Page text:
Monday, Sep 18, 2017, 6:30 am · By Rural America In These Times
On September 14, the U.S. Forest Service, which manages 193 million acres of public lands, announced that the cost of fighting this season’s massive wildfires in the Pacific Northwest, Northern Rockies and elsewhere had exceeded $2 billion dollars—making 2017 the agency’s most expensive year on record.
According to the Department of Agriculture (USDA), which oversees the Forest Service:
“At the peak of Western fire season, there were three times as many uncontained large fires on the landscape as compared to the five-year average, and almost three times as many personnel assigned to fires. More than 27,000 people supported firefighting activities during peak Western fire season. The Forest Service has been at Preparedness Level 5, the highest level, for 35 days as of September 14, 2017. Approximately 2.2 million acres of National Forest system lands have burned in that time.”
In order to cover the cost of “continuous fire activity” and “an extended length of the fire season,” the Forest Service has been forced to borrow funds otherwise allotted for its land management and fire prevention initiatives. Without speculating as to why we’re seeing more and more wildfires (i.e. avoiding the subject of climate change entirely), Secretary of Agriculture Sonny Perdue and Tony Tooke, the recently appointed Chief of the Forest Service, are calling on Congress to change the way the Forest Service’s emergency firefighting efforts are funded.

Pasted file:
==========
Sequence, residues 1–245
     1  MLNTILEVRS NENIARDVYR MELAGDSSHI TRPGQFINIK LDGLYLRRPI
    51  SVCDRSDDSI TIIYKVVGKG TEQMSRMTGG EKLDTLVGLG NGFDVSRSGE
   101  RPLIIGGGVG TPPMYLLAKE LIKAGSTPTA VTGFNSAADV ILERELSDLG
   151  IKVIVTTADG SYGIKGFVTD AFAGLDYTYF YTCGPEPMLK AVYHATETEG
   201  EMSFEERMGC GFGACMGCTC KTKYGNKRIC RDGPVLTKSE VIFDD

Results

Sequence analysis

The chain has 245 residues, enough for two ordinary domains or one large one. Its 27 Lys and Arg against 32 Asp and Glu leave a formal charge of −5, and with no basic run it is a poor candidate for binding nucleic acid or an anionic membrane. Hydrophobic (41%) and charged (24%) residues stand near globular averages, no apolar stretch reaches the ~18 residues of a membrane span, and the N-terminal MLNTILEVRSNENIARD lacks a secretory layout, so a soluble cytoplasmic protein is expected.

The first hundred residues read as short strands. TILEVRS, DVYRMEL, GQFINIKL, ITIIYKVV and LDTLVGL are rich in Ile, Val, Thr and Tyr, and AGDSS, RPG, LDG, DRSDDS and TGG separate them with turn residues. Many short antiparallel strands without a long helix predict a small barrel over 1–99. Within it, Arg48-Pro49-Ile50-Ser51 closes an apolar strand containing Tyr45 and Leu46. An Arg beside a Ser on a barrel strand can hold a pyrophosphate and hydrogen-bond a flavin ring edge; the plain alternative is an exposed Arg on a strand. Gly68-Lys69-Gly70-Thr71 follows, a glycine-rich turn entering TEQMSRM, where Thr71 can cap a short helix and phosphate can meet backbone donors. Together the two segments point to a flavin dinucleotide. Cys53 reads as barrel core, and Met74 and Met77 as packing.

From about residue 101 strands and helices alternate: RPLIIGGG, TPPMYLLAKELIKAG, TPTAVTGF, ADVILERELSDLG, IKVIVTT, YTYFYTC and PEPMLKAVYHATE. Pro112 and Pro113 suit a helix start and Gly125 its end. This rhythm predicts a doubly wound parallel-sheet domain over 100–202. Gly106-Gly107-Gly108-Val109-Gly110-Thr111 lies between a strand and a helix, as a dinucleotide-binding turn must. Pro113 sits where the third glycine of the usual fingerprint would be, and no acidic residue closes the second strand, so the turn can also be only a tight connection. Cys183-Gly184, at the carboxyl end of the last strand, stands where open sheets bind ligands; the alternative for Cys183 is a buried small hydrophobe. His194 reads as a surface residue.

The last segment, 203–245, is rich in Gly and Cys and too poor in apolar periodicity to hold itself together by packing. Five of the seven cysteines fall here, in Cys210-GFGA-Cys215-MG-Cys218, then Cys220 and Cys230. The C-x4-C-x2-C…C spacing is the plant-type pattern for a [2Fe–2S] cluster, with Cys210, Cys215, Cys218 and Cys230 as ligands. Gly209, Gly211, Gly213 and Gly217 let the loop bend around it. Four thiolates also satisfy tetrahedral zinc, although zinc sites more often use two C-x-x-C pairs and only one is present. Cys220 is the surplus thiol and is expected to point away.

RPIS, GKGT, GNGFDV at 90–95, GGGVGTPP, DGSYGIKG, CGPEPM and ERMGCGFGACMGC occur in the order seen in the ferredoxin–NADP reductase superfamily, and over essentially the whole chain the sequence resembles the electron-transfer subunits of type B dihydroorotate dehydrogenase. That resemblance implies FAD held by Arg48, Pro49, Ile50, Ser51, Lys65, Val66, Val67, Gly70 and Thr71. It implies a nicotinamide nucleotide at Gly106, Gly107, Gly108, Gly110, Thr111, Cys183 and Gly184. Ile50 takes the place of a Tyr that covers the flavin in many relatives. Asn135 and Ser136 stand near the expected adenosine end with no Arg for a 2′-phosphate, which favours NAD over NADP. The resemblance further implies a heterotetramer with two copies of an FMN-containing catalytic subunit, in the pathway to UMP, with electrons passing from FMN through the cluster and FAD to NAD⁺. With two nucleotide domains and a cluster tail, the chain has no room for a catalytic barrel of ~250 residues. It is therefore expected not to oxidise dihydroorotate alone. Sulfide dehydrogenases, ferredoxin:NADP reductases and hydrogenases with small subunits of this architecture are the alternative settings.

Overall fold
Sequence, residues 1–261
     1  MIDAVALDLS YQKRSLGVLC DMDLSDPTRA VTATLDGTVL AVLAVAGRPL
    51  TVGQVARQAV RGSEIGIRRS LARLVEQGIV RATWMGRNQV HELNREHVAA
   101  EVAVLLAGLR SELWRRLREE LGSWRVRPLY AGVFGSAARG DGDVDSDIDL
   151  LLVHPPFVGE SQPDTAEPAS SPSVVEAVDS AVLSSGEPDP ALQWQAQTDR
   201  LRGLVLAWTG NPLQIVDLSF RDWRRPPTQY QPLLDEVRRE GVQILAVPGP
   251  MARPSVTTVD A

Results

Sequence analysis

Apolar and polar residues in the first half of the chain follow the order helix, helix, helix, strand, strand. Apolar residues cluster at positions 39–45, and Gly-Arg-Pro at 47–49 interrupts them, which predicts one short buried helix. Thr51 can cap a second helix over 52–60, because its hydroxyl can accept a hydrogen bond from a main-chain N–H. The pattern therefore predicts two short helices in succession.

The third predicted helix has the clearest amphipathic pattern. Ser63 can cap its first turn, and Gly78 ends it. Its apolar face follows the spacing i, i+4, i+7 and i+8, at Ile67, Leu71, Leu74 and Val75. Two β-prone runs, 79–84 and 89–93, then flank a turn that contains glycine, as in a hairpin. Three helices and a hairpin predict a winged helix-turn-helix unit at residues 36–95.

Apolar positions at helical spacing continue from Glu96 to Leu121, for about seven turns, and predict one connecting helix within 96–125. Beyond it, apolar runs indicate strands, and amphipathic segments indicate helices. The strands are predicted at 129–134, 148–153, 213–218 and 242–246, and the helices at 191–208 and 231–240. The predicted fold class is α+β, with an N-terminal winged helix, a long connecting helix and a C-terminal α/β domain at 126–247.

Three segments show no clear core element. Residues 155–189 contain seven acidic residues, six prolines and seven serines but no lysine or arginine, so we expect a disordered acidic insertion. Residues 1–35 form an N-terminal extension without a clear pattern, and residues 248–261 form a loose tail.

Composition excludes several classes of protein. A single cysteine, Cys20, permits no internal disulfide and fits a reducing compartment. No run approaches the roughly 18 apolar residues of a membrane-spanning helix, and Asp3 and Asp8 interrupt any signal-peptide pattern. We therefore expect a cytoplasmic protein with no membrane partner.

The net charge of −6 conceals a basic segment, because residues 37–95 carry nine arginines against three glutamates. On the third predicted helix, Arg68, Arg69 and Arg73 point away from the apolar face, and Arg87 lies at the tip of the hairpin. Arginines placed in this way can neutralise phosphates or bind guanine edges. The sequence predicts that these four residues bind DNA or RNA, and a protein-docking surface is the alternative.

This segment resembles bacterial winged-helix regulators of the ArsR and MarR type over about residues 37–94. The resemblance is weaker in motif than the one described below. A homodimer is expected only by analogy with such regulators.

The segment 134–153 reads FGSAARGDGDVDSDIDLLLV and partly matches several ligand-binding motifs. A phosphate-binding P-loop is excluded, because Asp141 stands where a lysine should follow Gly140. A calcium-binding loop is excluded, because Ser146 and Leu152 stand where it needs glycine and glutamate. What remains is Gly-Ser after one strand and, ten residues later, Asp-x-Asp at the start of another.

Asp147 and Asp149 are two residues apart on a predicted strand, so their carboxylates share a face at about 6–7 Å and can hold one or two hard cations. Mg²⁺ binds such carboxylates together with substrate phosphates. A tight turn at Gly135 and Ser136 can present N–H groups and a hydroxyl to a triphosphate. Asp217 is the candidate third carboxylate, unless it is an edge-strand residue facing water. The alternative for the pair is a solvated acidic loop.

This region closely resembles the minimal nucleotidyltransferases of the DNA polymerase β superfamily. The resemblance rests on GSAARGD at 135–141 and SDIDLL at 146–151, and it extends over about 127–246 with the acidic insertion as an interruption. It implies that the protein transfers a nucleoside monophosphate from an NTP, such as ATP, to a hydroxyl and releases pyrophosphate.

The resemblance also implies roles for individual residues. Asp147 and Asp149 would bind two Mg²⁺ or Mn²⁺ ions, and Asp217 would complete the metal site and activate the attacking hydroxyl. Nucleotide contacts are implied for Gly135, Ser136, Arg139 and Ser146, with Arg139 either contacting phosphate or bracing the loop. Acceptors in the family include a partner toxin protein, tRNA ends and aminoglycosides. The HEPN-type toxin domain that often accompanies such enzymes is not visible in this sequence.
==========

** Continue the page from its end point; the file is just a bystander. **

Thursday, Sep 14, 2017, 6:00 am · By Robert W. Klein
Editor’s Note: The following analysis was first published shortly after Hurricane Harvey devastated a large portion of South Texas (killing more than 70 people and costing yet-to-be-tallied billions of dollars in flood damages) but three days before Hurricane Irma made landfall at Cudjoe Key, in the lower Florida Keys, on the night of September 10. Before hitting the U.S. mainland, Irma tore a path of destruction through numerous islands in the Caribbean.